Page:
1408The phrase “based on a story by Stephen King,” as a general rule, is far scarier than any movie that’s actually based on a story by Stephen King. Fortunately, “1408” is the first movie in years (decades?) to rise above its dubious distinction. It may not be run-to-church-and-repent terrifying, but it is relentless and unsettling, and as a bonus, it turns a Carpenters wedding staple into a murder ballad. That, my friends, takes skill.

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Movie Review: 300: Rise of an Empire

300_empireThere is only one woman who doesn’t end up raped or murdered. The ones who are spared rape – presumably, anyway; for all we know, they were raped before we witness their deaths – are nearly all slaughtered while topless. Far be it from me to sound like a feminist, but there are parts of “300: Rise of an Empire” that are disturbing on a number of levels. Zack Snyder, who opted not to direct the follow-up to his 2006 smash “300” but co-wrote the screenplay, will likely argue that these were dark days, and heinous crimes were committed, and we will not debate either point. However, when all of the naked victims are ‘D’ cups, it sends a mixed message, to say the least.

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Movie Review: 300

300I had an interesting conversation with one of my fellow movie critic friends on the way out of “300.” He was just as excited to see it as I was, but afterwards, the first word he used to describe it was “lame,” that it was nothing but slo-mo swordplay and green screen work. I found this puzzling, since every trailer for the movie shows nothing but slo-mo swordplay and green screen work. Wasn’t the movie, then, exactly what the ads – the very things that got him so excited in the first place – proclaimed it to be? And if so, why was he so disappointed to get exactly what the movie promised?

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Movie Review: 127 Hours

127_hoursThree years ago, the Onion A.V. Club ran a list of great films that are too painful to watch twice. That list has a new Number One. Danny Boyle’s “127 Hours” takes a hellish premise that Jigsaw himself would be proud to call his own – mutilate yourself or die! – and turns it into a moving and even amusing testament to what men will do to survive. Best of all, the movie is careful not to paint Ralston as a victim because, well, he’s not. He got himself into this mess, and while his escape makes for a hell of a story, it’s a story that could have been prevented a million different ways.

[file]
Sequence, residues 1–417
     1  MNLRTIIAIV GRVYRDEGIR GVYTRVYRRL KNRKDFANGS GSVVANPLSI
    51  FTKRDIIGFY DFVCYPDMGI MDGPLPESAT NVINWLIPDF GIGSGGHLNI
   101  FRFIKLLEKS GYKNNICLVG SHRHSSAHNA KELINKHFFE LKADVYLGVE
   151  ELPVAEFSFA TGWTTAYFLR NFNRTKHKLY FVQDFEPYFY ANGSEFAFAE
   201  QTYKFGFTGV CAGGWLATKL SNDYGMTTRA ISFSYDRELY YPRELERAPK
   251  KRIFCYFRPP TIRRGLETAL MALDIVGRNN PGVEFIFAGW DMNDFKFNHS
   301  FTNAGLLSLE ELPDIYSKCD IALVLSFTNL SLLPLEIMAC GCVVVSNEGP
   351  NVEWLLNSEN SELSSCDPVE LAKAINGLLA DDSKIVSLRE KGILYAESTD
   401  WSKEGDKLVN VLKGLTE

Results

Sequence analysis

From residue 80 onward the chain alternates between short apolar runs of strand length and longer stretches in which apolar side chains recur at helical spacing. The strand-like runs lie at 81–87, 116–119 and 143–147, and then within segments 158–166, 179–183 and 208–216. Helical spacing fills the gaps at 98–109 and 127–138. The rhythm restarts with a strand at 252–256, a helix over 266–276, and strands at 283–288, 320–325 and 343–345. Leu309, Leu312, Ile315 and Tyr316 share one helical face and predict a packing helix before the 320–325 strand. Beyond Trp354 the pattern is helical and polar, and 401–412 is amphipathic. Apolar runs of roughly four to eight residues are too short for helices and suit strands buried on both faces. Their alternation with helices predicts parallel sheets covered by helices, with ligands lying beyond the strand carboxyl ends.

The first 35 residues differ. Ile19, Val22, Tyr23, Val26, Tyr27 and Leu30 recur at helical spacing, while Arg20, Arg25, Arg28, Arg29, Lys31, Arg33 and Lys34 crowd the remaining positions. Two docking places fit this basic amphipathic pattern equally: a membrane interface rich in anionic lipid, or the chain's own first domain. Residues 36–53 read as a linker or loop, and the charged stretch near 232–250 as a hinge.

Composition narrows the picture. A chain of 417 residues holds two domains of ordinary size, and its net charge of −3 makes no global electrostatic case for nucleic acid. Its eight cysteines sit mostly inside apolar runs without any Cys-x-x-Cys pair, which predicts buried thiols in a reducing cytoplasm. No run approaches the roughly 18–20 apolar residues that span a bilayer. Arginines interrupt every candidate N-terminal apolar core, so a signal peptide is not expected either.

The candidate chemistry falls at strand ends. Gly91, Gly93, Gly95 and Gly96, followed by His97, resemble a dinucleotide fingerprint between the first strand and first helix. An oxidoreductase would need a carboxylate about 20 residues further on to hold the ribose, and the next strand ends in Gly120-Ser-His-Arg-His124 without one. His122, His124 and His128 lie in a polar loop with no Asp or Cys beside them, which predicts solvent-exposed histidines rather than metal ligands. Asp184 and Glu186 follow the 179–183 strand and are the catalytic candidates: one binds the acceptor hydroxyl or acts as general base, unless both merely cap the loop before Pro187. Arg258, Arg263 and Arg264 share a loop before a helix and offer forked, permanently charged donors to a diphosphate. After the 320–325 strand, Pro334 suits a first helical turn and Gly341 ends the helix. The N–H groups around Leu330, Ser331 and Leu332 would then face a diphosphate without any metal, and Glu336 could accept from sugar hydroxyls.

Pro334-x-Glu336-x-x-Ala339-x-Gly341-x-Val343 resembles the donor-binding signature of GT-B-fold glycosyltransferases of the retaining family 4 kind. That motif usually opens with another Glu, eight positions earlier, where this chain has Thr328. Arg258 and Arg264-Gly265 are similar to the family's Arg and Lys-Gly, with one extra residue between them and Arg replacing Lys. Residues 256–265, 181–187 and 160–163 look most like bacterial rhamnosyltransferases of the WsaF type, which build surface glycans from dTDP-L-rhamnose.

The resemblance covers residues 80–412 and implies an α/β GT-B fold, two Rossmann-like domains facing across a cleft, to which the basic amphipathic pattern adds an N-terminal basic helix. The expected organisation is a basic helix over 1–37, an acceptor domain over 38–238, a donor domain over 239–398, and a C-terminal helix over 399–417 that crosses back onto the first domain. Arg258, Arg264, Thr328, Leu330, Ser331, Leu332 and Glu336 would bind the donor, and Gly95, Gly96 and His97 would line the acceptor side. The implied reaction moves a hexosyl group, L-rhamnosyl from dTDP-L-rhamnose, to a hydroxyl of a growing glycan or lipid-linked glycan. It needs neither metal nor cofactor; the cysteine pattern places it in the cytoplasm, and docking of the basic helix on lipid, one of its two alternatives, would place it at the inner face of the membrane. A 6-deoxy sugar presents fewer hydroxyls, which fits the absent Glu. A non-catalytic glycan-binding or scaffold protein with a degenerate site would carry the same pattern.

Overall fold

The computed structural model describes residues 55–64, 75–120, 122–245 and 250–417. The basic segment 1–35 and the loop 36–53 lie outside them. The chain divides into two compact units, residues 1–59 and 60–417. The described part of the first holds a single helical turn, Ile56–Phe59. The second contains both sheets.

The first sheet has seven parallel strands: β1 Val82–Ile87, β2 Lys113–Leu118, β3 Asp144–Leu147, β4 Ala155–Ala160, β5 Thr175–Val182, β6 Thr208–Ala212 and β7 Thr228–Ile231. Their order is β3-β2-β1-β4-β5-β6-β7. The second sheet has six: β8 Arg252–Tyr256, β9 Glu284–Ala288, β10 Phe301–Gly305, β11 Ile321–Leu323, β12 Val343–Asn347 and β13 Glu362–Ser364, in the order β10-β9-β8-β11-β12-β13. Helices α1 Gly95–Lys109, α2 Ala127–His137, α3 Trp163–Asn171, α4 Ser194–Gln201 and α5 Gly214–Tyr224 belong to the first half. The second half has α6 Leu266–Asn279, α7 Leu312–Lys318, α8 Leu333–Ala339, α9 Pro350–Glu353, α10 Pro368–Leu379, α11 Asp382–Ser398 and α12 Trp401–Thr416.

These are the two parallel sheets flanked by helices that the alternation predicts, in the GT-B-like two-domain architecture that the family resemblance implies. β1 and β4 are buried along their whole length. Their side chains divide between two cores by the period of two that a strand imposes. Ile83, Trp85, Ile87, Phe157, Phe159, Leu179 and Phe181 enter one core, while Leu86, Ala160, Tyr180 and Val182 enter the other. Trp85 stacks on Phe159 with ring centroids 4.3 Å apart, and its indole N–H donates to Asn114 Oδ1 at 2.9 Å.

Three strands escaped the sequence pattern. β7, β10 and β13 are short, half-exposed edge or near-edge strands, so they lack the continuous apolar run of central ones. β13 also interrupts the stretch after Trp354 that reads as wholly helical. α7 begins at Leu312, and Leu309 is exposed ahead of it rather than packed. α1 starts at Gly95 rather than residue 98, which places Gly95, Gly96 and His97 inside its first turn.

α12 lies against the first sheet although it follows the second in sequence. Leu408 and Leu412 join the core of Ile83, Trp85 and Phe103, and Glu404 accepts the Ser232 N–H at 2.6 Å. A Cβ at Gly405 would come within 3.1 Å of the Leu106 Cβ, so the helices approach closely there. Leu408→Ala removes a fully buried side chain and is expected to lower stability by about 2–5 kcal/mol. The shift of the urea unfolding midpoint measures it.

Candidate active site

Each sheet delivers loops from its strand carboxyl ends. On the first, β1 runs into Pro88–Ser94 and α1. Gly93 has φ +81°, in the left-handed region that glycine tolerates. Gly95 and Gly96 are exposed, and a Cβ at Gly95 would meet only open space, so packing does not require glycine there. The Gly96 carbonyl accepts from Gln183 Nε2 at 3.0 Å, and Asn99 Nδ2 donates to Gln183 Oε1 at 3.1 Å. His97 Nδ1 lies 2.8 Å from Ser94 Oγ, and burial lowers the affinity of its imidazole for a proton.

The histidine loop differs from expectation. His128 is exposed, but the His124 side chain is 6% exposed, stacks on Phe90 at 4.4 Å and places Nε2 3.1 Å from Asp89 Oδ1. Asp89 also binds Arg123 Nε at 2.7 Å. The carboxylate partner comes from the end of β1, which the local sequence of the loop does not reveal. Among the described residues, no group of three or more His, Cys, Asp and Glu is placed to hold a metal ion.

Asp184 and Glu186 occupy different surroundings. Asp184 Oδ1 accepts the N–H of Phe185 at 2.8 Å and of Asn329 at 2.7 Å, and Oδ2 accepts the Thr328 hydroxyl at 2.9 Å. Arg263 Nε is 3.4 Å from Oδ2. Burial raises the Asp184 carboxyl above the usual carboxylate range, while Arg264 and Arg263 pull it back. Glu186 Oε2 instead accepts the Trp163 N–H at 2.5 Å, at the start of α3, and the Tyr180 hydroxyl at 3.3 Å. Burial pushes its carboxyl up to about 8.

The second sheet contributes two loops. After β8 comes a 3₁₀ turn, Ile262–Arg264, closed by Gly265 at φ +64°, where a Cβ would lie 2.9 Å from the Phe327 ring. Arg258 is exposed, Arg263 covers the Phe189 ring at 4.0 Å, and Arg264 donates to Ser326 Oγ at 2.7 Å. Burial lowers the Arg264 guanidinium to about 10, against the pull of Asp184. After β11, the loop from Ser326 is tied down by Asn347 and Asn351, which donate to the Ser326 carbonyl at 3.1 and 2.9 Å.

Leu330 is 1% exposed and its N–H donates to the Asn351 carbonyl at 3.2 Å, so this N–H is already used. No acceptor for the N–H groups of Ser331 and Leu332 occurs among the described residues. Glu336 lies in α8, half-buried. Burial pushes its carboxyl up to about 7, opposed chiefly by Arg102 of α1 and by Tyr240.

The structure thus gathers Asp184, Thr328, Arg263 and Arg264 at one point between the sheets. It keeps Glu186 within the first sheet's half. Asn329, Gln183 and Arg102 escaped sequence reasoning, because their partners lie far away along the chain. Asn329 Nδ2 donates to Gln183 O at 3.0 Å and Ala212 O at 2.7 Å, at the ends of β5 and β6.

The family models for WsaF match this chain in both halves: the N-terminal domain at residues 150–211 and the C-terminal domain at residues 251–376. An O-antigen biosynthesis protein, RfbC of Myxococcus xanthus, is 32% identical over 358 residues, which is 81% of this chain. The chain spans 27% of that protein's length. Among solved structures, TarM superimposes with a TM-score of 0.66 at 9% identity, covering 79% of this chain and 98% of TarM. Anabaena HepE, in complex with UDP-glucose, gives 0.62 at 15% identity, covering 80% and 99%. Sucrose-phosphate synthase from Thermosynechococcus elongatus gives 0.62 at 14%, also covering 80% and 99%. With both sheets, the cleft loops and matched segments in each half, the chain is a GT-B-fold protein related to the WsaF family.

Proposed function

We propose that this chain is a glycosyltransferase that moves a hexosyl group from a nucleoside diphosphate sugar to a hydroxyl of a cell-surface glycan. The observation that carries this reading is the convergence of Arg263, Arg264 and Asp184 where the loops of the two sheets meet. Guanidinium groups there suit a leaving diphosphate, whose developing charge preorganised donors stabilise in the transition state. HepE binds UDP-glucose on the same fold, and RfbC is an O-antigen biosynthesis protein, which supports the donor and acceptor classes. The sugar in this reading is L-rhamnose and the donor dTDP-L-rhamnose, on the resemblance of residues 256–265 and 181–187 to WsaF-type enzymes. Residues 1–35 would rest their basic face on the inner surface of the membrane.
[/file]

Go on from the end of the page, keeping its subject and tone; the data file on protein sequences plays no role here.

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Movie Review: 50/50

50_50It is not easy to mix comedy with tragedy. Even Oscar-winning movies like “As Good As It Gets” had difficulty finding the right balance. “50/50” actually bests “As Good As It Gets” in a few respects, but rhythm eludes the movie from the very beginning. It hits all the right emotional chords, but it hits them like they’re targets in a drive-by shooting, fleeing the scene before the audience has had a chance to survey the damage and contemplate what’s just happened. In spite of this, “50/50” is a very entertaining and touching movie. With a different balance of love and death, though, it could have been something special.

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Movie Review: The 33

the_33The story of the Chilean miners who were trapped over 200 stories underground, and their subsequent rescue after a whopping 69 days, is one of humanity’s finest. It is a story of hope, courage, faith, and determination, and it had ‘major motion picture’ written all over it. Unfortunately, the word ‘major’ proves to be the biggest problem with the eventual motion picture. “The 33” had an intimate, claustrophobic film within its grasp, but chose to paint by numbers instead. They even recorded all of the dialogue in English. Ninety-nine percent of the characters are Chilean; this movie has no business being in English.

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Movie Review: 30 Minutes or Less

30_minutes_or_less-bigMovies, unlike albums, don’t have the luxury of being “growers.” They can’t start with the six-minute ambient piece and work their way to the big hit. They’re constructed like Now! compilations, front-loaded with the biggest hits and designed to bombard the viewer into submission. “30 Minutes or Less,” the new comedy from “Zombieland” director Ruben Fleischer, is built like Radiohead’s Kid A (it’s inferior to Kid A, of course, but go with us on this). The overall experience is a satisfying one, but it will try the patience of a saint along the way. Simply put, the first 30 minutes are brutal.

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Movie Review: 28 Weeks Later

28_Weeks_LaterAfter watching “28 Weeks Later,” the only thing I wanted to do was take a shower and watch “American Idol.” Granted, it contained all the elements that these movies need to be effective: it was bloody, disturbing and relentless, but not in a thrilling way. Instead, it was exhausting and bleak, and made me feel dirty just watching it. To gore hounds, that may sound like a good thing. I assure you, it’s not. And yet, the movie has its good points. There is some truly frightful stuff here, but it’s not in a boo-eek way as much as a holy-shit-we’re-really-flawed-as-a-species way. If that gets you off, you are not welcome in my house.